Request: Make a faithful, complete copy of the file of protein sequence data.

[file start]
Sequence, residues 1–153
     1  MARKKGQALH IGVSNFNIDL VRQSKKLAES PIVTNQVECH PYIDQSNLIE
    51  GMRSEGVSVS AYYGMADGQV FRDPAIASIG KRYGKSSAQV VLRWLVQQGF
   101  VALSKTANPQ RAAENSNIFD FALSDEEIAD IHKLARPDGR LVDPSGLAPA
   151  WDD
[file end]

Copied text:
Sequence, residues 1–153
     1  MARKKGQALH IGVSNFNIDL VRQSKKLAES PIVTNQVECH PYIDQSNLIE
    51  GMRSEGVSVS AYYGMADGQV FRDPAIASIG KRYGKSSAQV VLRWLVQQGF
   101  VALSKTANPQ RAAENSNIFD FALSDEEIAD IHKLARPDGR LVDPSGLAPA
   151  WDD